Aftershocks from a Revolution: Ordinal Utility and Cost-of-Living Indexes



This essay argues that beneath the superficial linearity of the history of neoclassical price index theory lie important conceptual ruptures that are linked to the ordinal revolution, including a radical transformation in the core objective for cost-of-living indexes. Revealing these ruptures produces a more accurate history of both the development of neoclassical price index theory and its reception. Furthermore, we can recognize how transformations in this theory have made cost-of-living indexes more coherent with existing traditions of empirical macroeconomics even as they may have reduced the indexes’ suitability for other functions, notably adjusting income payments.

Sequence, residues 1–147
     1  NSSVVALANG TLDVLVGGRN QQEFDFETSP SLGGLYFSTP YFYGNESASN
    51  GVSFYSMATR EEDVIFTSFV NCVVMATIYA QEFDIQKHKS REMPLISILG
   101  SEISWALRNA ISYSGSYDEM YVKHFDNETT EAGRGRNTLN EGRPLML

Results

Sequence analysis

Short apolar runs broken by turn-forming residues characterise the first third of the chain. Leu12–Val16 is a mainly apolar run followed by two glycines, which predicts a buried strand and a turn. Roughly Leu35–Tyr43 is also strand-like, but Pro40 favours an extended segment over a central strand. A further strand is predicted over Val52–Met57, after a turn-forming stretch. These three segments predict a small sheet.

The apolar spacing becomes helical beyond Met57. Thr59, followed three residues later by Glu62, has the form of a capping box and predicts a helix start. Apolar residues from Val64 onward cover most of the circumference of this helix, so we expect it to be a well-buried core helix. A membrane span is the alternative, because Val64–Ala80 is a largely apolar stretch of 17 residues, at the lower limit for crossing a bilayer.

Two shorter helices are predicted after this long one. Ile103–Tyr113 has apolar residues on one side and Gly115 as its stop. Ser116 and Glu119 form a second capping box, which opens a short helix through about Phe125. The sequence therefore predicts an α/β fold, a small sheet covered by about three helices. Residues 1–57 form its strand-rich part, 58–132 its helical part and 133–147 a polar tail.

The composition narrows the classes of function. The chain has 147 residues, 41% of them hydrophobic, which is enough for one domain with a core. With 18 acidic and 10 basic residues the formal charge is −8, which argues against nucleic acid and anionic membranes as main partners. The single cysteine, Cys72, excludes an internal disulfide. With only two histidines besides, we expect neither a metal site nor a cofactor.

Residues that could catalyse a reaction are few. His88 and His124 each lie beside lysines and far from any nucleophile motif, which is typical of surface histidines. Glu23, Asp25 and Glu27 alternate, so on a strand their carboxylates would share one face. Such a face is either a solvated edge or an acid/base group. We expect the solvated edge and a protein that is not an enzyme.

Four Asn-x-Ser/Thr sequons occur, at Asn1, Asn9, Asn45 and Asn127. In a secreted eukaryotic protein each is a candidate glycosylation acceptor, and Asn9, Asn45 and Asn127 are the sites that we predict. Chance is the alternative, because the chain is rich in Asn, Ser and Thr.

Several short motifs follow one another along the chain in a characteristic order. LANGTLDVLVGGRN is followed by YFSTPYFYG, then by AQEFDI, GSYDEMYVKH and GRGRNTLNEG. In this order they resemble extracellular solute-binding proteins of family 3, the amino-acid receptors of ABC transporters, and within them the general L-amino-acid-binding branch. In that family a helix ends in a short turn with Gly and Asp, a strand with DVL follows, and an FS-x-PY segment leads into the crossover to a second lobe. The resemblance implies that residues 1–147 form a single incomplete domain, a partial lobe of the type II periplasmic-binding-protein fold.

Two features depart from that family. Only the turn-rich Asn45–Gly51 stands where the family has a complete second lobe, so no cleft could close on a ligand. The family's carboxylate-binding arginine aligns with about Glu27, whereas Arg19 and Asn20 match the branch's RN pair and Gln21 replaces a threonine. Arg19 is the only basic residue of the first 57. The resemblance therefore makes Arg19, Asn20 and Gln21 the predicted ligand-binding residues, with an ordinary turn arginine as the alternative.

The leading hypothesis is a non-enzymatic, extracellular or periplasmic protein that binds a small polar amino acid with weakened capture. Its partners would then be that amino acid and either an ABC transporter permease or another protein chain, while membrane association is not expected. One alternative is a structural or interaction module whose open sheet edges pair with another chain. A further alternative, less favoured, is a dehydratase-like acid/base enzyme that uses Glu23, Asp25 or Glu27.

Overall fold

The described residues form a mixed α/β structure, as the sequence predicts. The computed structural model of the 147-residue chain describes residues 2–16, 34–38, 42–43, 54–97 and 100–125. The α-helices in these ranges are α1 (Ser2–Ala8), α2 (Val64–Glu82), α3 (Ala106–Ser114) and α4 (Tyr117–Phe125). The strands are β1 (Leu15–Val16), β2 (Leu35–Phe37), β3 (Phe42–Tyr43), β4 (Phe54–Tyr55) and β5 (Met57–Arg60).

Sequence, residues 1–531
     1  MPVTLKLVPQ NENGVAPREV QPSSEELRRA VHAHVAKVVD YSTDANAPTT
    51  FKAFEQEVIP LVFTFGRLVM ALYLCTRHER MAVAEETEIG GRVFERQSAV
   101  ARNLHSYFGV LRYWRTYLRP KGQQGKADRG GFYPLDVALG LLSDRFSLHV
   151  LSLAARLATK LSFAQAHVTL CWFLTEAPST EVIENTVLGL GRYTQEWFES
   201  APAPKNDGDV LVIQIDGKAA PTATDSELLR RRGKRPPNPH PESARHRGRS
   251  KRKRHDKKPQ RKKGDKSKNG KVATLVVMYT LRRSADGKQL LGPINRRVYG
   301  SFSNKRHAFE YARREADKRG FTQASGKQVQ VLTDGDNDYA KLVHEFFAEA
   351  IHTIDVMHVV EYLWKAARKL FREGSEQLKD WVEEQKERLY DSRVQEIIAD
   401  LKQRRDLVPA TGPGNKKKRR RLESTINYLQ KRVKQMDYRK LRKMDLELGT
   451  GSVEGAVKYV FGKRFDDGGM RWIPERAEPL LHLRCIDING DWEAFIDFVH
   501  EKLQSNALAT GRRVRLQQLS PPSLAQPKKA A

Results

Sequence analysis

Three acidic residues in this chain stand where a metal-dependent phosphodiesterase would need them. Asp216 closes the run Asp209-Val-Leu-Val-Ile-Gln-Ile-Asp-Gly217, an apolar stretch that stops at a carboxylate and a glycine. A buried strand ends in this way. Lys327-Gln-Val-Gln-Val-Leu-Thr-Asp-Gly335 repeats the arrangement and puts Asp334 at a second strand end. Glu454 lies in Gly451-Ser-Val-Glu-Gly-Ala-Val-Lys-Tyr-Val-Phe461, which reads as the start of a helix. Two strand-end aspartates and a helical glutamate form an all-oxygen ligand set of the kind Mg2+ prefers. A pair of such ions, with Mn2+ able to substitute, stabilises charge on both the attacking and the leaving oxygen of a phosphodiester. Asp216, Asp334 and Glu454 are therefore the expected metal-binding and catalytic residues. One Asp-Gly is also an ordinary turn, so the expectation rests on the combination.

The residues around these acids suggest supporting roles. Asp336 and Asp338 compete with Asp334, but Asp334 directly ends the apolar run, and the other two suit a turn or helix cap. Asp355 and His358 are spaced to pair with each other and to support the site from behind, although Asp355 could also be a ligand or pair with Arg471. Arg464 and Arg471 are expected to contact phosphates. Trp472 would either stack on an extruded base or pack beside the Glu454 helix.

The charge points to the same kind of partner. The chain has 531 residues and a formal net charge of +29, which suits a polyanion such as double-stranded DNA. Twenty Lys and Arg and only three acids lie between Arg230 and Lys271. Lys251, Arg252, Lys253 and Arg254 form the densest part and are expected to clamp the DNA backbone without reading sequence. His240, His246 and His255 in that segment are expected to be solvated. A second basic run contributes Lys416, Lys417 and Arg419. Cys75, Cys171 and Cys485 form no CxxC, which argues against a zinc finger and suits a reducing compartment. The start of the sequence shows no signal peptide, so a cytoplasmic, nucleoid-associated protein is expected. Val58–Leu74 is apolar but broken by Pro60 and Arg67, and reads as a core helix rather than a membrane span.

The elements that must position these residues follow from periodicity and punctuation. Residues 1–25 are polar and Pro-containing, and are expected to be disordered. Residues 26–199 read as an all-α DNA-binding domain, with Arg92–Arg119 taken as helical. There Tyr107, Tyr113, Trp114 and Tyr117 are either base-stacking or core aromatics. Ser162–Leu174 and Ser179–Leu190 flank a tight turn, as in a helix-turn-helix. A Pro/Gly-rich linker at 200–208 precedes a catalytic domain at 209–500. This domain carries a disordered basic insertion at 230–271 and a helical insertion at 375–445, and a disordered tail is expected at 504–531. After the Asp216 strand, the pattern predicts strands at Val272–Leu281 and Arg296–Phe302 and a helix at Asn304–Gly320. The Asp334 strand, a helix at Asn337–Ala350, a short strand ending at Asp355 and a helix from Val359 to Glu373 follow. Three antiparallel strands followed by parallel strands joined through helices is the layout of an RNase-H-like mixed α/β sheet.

Attribute NameValues
  • Thomas A. Stapleford

Journal or Work Title
  • Journal of the History of Economic Thought

  • 33

  • 2

First Page
  • 187

Last Page
  • 222

Publication Date
  • 2011

  • Cost-of-Living Indexes

  • History of Economics

Date Created
  • 2017-01-10

Bibliographic Citation
  • English

Related Resource(s)
Departments and Units
Record Visibility Public
Content License
  • All rights reserved

Digital Object Identifier


This DOI is the best way to cite this article.


Please Note: You may encounter a delay before a download begins. Large or infrequently accessed files can take several minutes to retrieve from our archival storage system.